Facing sin to begin Lent

Jared Staudt

“Repent and believe in the Gospel” (Mark 1:15). You may hear these words of Jesus on Ash Wednesday, which can be said when you receive ashes in place of “remember you are dust and to dust you shall return.” Either way, we begin Lent with a call to repent, knowing in humility that we need God’s mercy. When we repent, we express sorrow for our sins and the desire to make a change, turning from our selfishness to love of God and neighbor.

Sin places oneself and one’s desires before God. The Catechism tells us that “sin is an offense against God,” which “sets itself against God’s love for us and turns our hearts away from it” (CCC 1850). But the Catechism also calls it “an offense against reason, truth, and right conscience; it is failure in genuine love for God and neighbor caused by a perverse attachment to certain goods. It wounds the nature of man and injures human solidarity” (CCC 1849). What this means is that sin not only offends God, but it turns away from the right ordering of our nature and wounds our relationship with others.

Obedience to God is not something that takes away our freedom, but which strengthens our freedom and makes us happy. God is our Creator and he made us for happiness with him. His commandments set out the way to happiness by showing us how to rightly order our desires and actions. Lent calls us to penance so that we can get our priorities straight again. We should not only give up a particular thing we like, but focus on breaking our attachments that pull us away from higher things: our love for God and others.

A recent book digs deep into the philosophy and psychology of the human ordering to God and how sin turns us away from it. Steven Jensen’s Sin: A Thomistic Psychology (Catholic University of America Press, 2018) explains the teachings of St. Thomas Aquinas and, using clear examples, defends it against modern misconceptions. Jensen seeks to explain how sin is a personal choice that entails a “voluntary rejection of God” (7). This rejection occurs because all of our actions must be ordered toward God as the final end or goal of our life. He explains that “Aquinas’s notion of sin includes the idea of the order of an action to an end. Good actions are ordered to the true ultimate end; evil actions are ordered to some false or apparent good as though it were an ultimate end” (15). Sin substitutes a created good in place of God.

Jensen helps us to get the root of sin and its causes — ignorance, passion, and an evil will — as well as to understand how our lives should be ordered to God. When we live by his grace, God enters into our action and shapes it so that it leads us to him (cf. 76). Even in a state of grace, we sin venially when we look for immediate consolation rather than the ultimate happiness found in the beatific vision of heaven. Mortal sin, however, turns away from God and makes another good to be one’s end. Ultimately, overcoming sin entails love: willing something greater than ourselves, a good which is absolute and which we share in communion with others. We must experience conversion by turning away from our isolated and selfish desires and “turning to God” (95).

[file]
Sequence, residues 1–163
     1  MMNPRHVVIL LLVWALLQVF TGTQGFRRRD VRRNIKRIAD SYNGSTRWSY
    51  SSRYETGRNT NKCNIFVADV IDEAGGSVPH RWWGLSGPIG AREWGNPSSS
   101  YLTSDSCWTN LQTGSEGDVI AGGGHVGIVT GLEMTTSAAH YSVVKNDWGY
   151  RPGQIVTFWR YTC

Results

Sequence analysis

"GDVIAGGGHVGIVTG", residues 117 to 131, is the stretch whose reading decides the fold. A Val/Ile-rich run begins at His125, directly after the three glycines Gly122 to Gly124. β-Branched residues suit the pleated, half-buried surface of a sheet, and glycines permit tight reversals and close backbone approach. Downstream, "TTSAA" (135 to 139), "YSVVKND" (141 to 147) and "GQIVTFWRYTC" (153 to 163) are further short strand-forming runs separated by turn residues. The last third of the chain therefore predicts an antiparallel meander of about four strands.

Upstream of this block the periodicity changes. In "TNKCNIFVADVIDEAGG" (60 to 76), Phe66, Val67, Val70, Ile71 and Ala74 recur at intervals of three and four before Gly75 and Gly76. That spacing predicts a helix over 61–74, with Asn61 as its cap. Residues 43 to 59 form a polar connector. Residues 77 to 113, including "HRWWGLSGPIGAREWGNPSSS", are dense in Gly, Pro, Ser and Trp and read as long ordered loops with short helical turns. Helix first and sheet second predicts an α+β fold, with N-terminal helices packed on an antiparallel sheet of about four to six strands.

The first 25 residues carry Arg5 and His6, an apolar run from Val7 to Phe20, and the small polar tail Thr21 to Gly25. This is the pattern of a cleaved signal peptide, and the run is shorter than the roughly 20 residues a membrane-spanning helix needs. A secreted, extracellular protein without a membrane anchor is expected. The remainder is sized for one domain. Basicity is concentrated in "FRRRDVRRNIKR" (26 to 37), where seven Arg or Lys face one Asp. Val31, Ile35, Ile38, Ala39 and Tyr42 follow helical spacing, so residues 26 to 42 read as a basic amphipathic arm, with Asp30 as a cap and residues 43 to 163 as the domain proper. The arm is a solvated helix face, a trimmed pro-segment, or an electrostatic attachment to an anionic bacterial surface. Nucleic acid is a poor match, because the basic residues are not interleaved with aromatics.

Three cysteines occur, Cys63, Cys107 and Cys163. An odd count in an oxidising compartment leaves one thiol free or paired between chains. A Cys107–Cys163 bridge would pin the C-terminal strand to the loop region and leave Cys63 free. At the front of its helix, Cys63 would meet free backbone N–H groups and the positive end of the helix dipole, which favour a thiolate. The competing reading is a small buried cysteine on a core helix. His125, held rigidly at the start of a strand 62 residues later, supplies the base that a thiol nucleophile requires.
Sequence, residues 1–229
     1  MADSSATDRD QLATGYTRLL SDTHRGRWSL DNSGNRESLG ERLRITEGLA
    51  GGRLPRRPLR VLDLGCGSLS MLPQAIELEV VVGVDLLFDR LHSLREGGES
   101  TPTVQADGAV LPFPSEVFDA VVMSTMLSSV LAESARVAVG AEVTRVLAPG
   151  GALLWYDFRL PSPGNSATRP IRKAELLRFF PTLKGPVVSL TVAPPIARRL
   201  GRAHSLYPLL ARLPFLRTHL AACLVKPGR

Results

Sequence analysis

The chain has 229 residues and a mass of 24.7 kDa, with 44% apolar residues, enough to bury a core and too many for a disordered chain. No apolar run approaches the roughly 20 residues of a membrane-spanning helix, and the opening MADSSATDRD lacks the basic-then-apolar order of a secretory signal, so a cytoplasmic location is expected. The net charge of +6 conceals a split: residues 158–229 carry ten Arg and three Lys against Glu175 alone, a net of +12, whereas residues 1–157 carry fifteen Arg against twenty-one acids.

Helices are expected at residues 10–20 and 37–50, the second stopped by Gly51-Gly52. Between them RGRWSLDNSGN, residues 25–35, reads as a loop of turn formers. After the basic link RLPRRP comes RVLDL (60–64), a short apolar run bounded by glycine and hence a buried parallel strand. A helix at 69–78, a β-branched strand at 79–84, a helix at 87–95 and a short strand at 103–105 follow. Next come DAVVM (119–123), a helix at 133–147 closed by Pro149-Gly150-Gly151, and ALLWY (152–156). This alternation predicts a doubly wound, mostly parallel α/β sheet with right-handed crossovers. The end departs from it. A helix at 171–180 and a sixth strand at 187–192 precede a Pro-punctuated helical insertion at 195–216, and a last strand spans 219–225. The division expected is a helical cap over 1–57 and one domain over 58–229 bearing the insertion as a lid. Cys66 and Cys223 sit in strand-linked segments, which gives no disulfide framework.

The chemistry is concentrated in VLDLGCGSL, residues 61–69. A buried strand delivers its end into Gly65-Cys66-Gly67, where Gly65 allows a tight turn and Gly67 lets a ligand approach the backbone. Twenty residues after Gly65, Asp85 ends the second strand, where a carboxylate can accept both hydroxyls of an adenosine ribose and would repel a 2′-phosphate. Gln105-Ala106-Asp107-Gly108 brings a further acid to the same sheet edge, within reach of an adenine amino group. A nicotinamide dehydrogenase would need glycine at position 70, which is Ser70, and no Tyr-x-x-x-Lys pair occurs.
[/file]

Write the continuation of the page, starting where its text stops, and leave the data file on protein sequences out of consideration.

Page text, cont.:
Lent is a time to turn away from sin and back to God: “To choose for God or against God…. To choose life or choose death” (292). The reason we give things up or take on new practices is to restore our relationship with God and others. When we break sinful habits and do penance, we remove the obstacles that keep us from God, but we also must convert our hearts to him in a relationship of love. Sin keeps us from our true happiness in God and Lent gives us the opportunity, if we repent and believe, to rediscover our true goal and purpose in him.

COMING UP: Late St. Joseph deacon ‘reached out into the peripheries’ during ministry

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Deacon Maclovio (Max) Sanchez, 87, passed away peacefully in Olathe, Kansas on April 30. Deacon Sanchez was assigned to St. Joseph’s Parish in Denver throughout his diaconal ministry.

Maclovio Sanchez was born on May 21, 1931 in San Luis, Colorado, to Estevan and Emily Sanchez. He was baptized at Most Precious Blood Parish in San Luis, Colorado, on June 2, 1931 and grew up in Walsenberg, Colorado.  He graduated from St. Mary’s High School in Wasenberg.

On April 24, 1954, he married Mary Frances Marquez at Holy Rosary Parish in Denver.  Over the 65 years of their marriage, the couple was blessed with three children: Martin, Debra and Joshua. They also had numerous grandchildren and great grandchildren.

In Denver, Max worked for Midwest Liquor Company, delivering products to the area stores. But his love was directed towards the poor communities in the metro area.  Max was vice chairman of the Coalition for the Westside Betterment and President of the St. Vincent de Paul Society Food Bank. He and his wife were also very involved in the parish at St. Joseph’s.

On March 22, 1975, Maclovio was ordained a deacon at the Cathedral Basilica of the Immaculate Conception by Archbishop James Casey. This was only the second class of men ordained in the archdiocese at the time. He was immediately assigned to St. Joseph’s Parish where he also conducted numerous Spanish Missions and served at the Westside Action Center. Retiring from ministry in 1993, he continued to serve at St. Joseph’s Parish as long as his health would allow.

“Deacon Max reached out into the peripheries and brought the lost back into the Church,” said Deacon Joseph Donohoe, Director of Deacon Personnel. “We have been blessed to have such a dedicated Cleric and Servant of the Church in Denver.”